Recent legal developments undermine the Committee’s rationale, however, and may warrant the reservation’s amendment. In 2005, the United States Supreme Court held the juvenile death penalty unconstitutional, as a violation of the Eighth Amendment’s proscription of cruel and unusual punishment.[4] The respondent was seventeen when he committed murder.[5] Previously, the Court had determined that “standards of decency [did] not permit the execution of any offender under the age of 16 at the time of the crime.”[6] Moreover, the Court cites to the “evolving standards of decency” as evidenced by the growing national consensus against the death penalty for juveniles.[7] The “objective indicia of consensus in this case” was the rejection of the juvenile death penalty in the majority of States; the infrequency of its use even where it remains on the books, and the consistency in the trend toward abolition of the practice.[8]

Notably, the Court discusses the ICCPR and other international treaties in its opinion, finding international consensus a factor in determining whether punishment is cruel and unusual.[9]

More recently, a federal judge in California held that the State’s death penalty system violated the Eighth Amendment.[10] Of the nine hundred individuals sentenced to death since 1978, only seventeen had completed federal habeas review and had been denied relief. Of those seventeen, each had been on death row for more than twenty-five years, and eight have been there for more than thirty years. The Court held California’s death penalty system to be arbitrary, determining that a death sentence in California is rather a “sentence of life imprisonment with the remote possibility of death ­– a sentence no rational legislature or jury could impose.”[11] Moreover the selection for execution served no penological purpose, but rather was determined by how quickly the inmate proceeded through the State’s post-conviction review process.[12]

Based on these two cases, it would seem the standards of decency and national consensus have evolved since the Committee recommended the reservation to Article 6. International pressure led by the Human Rights Committee may aid in the continuing push for the striking of this reservation.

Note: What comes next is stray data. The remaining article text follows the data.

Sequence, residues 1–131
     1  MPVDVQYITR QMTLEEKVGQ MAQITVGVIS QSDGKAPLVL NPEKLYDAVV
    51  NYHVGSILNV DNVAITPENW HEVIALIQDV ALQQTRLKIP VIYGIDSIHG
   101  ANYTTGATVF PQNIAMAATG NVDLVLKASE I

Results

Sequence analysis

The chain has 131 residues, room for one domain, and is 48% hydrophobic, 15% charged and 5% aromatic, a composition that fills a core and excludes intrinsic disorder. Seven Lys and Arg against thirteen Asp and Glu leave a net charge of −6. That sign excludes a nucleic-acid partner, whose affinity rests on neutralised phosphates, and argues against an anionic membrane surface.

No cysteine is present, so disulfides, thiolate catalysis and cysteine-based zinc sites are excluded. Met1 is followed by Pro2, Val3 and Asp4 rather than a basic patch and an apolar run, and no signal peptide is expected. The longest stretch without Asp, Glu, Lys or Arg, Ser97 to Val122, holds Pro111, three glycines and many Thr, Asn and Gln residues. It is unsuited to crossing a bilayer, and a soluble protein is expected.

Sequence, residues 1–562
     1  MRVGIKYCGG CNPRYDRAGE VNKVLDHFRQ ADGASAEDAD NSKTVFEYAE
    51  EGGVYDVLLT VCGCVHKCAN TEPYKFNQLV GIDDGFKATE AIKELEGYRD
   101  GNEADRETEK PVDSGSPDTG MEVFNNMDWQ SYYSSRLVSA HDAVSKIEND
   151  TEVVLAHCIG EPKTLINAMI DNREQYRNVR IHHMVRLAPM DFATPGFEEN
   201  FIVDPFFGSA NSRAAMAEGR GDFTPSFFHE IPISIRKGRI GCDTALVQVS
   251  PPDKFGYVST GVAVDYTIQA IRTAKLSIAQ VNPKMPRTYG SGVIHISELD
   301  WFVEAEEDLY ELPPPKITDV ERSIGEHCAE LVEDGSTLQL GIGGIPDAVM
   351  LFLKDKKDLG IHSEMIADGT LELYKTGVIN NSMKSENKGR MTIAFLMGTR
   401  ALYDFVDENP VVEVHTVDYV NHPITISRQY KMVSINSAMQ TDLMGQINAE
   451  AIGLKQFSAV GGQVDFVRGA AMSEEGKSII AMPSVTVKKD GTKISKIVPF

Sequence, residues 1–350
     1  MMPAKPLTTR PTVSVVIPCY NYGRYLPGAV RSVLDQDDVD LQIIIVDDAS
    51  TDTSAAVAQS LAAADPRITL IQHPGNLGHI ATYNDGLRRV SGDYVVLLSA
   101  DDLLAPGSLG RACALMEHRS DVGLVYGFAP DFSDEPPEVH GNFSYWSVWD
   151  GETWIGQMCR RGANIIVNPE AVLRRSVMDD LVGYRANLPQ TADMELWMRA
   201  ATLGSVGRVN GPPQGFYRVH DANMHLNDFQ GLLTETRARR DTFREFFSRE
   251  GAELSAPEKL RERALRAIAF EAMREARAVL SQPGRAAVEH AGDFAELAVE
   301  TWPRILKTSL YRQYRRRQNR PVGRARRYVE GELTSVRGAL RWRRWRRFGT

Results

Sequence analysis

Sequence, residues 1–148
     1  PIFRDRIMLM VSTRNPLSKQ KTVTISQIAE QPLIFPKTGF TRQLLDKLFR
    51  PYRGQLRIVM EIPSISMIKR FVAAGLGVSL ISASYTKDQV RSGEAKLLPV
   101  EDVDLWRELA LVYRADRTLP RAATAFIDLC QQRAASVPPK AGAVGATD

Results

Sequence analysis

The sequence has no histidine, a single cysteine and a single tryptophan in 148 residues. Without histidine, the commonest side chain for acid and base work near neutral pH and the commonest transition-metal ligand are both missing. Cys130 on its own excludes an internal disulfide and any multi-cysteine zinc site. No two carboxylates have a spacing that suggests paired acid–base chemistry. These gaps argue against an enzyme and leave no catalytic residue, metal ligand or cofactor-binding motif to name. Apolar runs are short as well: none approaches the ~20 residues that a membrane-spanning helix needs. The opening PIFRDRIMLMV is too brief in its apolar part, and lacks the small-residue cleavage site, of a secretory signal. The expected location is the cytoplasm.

Tim Joseph is a 3L and a Senior Editor for the Journal of Law and International Affairs at the Penn State University Dickinson School of Law.


[1] “Sentence of death shall not be imposed for crimes committed by persons below eighteen years of age and shall not be carried out on pregnant women.” (ICCPR).

[2] United States of America. Reservations to the International Covenant on Civil and Political Rights.

[3] S. Exec. Rep. at 11, reprinted in 31 I.L.M. at 653.

[4] See Roper v. Simmons, 543 U.S. 551, 551 (2005).

[5] See id. at 556.

[6] See id. at 561 (citing Thompson v. Oklahoma, 487 U.S. 815, 818–838) (opinion of Stevens, J., joined by Brennan, Marshall and Blackmun, JJ.).

[7] Id. at 563–64.

[8] Id. at 567.

[9]Id. at 576 (“As respondent and a number of amici emphasize, Article 37 of the United Nations Convention on the Rights of the Child, which every country in the world has ratified save for the United States and Somalia, contains an express prohibition on capital punishment for crimes committed by juveniles under 18.”) United Nations Convention on the Rights of the Child, Art. 37, Nov. 20, 1989, 1577 U. N. T. S. 3, 28 I. L. M. 1448, 1468-1470 (entered into force Sept. 2, 1990); Brief for Respondent 48; Brief for European Union et al. as Amici Curiae 12-13; Brief for President James Earl Carter, Jr., et al. as Amici Curiae 9; Brief for Former U. S. Diplomats Morton Abramowitz et al. as Amici Curiae 7; Brief for Human Rights Committee of the Bar of England and Wales et al. as Amici Curiae 13-14. No ratifying country has entered a reservation to the provision prohibiting the execution of juvenile offenders. Parallel prohibitions are contained in other significant international covenants. See ICCPR, Art. 6(5), 999 U. N. T. S., at 175 (prohibiting capital punishment for anyone under 18 at the time of offense) (signed and ratified by the United States subject to a reservation regarding Article 6(5), as noted, supra, at 567, 161 L. Ed. 2d, at 20); American Convention on Human Rights: Pact of San Jose, Costa Rica, Art. 4(5), Nov. 22, 1969, 1144 U. N. T. S. 146 (entered into force July 19, 1978) (same); African Charter on the Rights and Welfare of the Child, Art. 5(3), OAU Doc. CAB/LEG/24.9/49 (1990) (entered into force Nov. 29, 1999) (same).”).

[10] See Jones v. Chappell, 31 F. Supp.3d 1050 (C.D. Cal. 2014).

[11] Id. at 1062.


U.S. Compliance and the ICCPR

Modern democracy originated largely from the Lockean idea that people formed governments to preserve rights of life, liberty and property.[1] This idea that people were born with natural rights derived from natural law “heavily influenced the thinking of many of the founders of the early American republic.”[2] A belief that people have unalienable rights was used as justification for U.S. independence. The French Declaration of the Rights of Men and the American Bill of Rights addressed and enumerated critical civil rights, providing a vision for nations to be founded upon an ideal of individual liberty. Indeed, the Bill of Rights “established the legal foundation for the protection of human rights in the United States.”[3]

While the realities of eighteenth and nineteenth century America differed greatly from the rhetoric of individual liberty, these ideas sparked discussion and inspired domestic and international reform through early nongovernmental organizations.[4] Despite the mixed legacy of U.S. history concerning human rights as “a country whose practice did not always match its rhetoric,” there has existed a strong domestic tradition of advocacy for the protection of civil rights and civil liberties within the United States.[5]